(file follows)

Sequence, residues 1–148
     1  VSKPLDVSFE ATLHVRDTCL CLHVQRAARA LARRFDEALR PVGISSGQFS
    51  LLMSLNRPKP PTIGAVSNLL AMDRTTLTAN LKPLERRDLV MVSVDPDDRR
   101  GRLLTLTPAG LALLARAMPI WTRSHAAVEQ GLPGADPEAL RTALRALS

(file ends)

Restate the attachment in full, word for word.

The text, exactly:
Sequence, residues 1–148
     1  VSKPLDVSFE ATLHVRDTCL CLHVQRAARA LARRFDEALR PVGISSGQFS
    51  LLMSLNRPKP PTIGAVSNLL AMDRTTLTAN LKPLERRDLV MVSVDPDDRR
   101  GRLLTLTPAG LALLARAMPI WTRSHAAVEQ GLPGADPEAL RTALRALS